When the data are weighted to represent the population of individuals who enter and exit prison, the return rate is shown in Figure 2.  According to the statistics reported in the second figure, two of three offenders will not return to prison within twelve years, and the curve is so flat in the latter years that two of three probably approximates the lifetime limit.  Correctly weighting the data produces a startling change in recidivism statistics.

Figure 2 — Weighted Data Show a Lower Rate of Returning to Prison

The figures do not show the frequency of returning multiple times, but Figure 3 provides estimates.  The chart reports the minimum and maximum, the 1st and 3rd quartiles, and the average across the seventeen states for offenders at risk for twelve years.  The table is based on weighted data.

Figure 3 – Frequency of returning to prison over twelve years based on weighted data

Consistent with figure 2, about two of every three offenders (68 percent) never return to prison.  Another 20 percent return just once.  The NCRP data are not definitive but it appears that most of these one-time returns are for violating the technical conditions governing community supervision rather than for new crimes.  Importantly, only one in ten offenders (11 percent) returns to prison multiple times.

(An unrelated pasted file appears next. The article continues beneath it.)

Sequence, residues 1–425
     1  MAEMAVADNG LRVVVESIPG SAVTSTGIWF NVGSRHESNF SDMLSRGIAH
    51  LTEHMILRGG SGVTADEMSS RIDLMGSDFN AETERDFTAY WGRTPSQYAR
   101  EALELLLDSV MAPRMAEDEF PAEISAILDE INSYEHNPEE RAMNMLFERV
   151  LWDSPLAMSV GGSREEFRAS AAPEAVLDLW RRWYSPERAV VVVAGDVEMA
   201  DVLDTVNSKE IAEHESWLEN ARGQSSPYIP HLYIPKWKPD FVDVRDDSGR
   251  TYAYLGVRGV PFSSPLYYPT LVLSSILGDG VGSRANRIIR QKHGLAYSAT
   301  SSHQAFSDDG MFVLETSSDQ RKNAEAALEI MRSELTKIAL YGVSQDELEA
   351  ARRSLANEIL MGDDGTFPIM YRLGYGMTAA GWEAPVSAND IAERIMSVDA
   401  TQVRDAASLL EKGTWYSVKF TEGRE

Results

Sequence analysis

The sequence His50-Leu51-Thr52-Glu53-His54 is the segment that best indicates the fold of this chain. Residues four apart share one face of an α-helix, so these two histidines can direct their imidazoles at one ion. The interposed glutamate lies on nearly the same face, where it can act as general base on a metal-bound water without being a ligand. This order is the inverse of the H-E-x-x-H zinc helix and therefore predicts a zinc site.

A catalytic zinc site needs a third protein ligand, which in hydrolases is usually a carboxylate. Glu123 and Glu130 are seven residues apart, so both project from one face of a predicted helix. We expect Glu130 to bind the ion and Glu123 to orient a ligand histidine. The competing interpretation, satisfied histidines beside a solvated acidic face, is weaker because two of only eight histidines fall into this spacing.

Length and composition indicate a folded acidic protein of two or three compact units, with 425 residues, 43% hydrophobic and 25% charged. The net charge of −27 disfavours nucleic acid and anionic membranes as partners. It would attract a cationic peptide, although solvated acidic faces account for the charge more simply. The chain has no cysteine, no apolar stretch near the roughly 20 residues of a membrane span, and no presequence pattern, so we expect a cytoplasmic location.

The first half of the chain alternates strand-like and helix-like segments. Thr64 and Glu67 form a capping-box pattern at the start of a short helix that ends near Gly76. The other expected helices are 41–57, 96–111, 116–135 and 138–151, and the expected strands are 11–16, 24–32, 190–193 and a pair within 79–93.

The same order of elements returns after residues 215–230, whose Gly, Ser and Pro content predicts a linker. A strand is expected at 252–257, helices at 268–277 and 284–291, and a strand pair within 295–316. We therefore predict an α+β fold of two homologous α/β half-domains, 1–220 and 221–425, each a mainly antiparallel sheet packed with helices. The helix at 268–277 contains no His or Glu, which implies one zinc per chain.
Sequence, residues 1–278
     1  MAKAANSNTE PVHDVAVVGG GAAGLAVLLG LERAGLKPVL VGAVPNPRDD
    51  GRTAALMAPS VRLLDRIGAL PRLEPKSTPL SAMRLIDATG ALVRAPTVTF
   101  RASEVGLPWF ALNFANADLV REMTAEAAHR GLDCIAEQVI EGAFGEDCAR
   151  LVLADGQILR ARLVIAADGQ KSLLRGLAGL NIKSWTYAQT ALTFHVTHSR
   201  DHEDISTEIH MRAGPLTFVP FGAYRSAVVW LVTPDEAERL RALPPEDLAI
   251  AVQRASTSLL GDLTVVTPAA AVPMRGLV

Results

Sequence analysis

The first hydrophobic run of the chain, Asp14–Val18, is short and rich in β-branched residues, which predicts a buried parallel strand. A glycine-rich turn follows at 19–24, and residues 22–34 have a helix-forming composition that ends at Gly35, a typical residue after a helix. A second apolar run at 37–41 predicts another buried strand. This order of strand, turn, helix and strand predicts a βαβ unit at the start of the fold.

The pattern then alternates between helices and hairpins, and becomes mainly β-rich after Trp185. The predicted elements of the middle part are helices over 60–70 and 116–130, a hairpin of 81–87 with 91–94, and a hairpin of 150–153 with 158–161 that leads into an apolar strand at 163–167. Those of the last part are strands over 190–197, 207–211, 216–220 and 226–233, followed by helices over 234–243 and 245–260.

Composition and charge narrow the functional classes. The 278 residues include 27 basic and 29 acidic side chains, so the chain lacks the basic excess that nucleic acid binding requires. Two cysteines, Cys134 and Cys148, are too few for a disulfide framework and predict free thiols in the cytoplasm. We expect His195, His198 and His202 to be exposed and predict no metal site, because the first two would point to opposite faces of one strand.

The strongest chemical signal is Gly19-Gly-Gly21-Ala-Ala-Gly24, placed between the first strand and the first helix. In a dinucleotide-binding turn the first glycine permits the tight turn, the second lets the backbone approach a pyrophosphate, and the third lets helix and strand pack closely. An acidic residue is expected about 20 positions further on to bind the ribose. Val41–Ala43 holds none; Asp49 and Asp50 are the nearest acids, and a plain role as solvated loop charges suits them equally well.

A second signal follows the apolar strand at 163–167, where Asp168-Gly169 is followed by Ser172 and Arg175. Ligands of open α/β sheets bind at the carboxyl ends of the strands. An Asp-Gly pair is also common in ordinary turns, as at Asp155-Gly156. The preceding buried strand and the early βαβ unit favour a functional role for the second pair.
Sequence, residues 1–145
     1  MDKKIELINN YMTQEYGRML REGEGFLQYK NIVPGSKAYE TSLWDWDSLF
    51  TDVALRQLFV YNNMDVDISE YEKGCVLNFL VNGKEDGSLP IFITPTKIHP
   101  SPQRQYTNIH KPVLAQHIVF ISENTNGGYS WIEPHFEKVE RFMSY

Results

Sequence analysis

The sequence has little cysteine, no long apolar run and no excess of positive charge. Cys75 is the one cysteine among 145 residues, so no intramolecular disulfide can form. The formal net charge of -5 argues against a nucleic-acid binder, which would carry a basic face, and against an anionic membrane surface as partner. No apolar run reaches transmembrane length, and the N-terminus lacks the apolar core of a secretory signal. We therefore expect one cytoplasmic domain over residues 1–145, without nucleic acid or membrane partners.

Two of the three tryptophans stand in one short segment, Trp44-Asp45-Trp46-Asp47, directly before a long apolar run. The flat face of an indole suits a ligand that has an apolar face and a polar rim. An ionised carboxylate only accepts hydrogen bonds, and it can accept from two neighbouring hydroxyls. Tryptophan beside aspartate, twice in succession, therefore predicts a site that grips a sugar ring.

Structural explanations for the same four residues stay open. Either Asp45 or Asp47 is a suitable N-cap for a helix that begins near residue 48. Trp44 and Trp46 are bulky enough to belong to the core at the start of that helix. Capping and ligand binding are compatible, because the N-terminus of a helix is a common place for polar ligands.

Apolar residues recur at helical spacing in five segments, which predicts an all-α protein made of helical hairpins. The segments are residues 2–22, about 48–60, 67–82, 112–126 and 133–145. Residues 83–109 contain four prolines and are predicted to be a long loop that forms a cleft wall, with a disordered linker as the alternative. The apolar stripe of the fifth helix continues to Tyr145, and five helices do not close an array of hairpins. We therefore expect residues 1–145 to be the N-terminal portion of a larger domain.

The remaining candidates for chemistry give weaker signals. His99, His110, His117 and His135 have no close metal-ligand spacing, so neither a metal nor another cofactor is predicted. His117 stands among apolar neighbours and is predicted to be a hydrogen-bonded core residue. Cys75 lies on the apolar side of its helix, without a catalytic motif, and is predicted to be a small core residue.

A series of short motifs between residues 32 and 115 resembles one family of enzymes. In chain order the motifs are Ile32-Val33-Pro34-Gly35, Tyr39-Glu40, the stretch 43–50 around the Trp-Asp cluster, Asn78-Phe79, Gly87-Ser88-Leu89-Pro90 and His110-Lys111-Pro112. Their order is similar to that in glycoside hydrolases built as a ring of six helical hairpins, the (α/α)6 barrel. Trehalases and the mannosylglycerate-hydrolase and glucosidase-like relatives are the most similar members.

Of course repeated visits to prison may be rare because prison terms are so long that little opportunity exists to exit prison, recidivate and reenter prison, and then exit again, but Figure 4 suggests otherwise.  The figure shows the distribution of total time spent in prison across the seventeen states for everyone who was eighteen or older as of 2000.  (The NCRP excludes juvenile records.)  For example, if an offender spent two years in prison for one term and three years for a subsequent term, the offender would have spent five years in prison between the beginning of 2000 and the end of 2012.

Figure 4 – Distribution of Time Spent in Prison over Thirteen Years

A small proportion of offenders, those who commit the most heinous crimes such as murder and rape, spend the entire thirteen-year period in prison, but most offenders spend considerably less time.  If earlier recidivism studies imply that a large proportion of offenders spend most of their lives in prison, this figure suggests otherwise.  Prison disrupts lives but apparently it does not consume them.

State and federal authorities may send too many offenders to prison; prison terms may be too long; and correctional resources might be better spent.  These statistics do not inform the debate on those topics.  But we contest the common perception that American prisons are a revolving door serving to cycle offenders through multiple terms until offenders get too feeble to victimize the public.  The evidence is that most offenders serve their time and then avoid serious entanglement with the criminal justice system.  Rather than asking the question of why so many offenders fail following release from prison, a more important question may be why so many offenders succeed and how corrections can promote success?

Featured image credit: Ken Teegardin (Flickr, CC-BY-SA-2.0)

Note:  This article gives the views of the author, and not the position of USApp– American Politics and Policy, nor of the London School of Economics.